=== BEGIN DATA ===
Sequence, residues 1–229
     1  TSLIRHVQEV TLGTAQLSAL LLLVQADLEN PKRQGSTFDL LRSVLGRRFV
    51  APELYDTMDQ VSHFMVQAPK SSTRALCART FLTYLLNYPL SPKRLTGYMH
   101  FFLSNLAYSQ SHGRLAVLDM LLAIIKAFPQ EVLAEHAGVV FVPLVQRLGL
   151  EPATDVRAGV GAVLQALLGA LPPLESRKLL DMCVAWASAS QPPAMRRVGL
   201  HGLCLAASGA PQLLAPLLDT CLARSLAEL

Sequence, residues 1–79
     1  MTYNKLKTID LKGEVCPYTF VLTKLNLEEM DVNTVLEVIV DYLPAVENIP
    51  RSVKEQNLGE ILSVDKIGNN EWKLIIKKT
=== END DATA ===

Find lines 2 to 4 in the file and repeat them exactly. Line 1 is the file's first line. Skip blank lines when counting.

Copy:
     1  TSLIRHVQEV TLGTAQLSAL LLLVQADLEN PKRQGSTFDL LRSVLGRRFV
    51  APELYDTMDQ VSHFMVQAPK SSTRALCART FLTYLLNYPL SPKRLTGYMH
   101  FFLSNLAYSQ SHGRLAVLDM LLAIIKAFPQ EVLAEHAGVV FVPLVQRLGL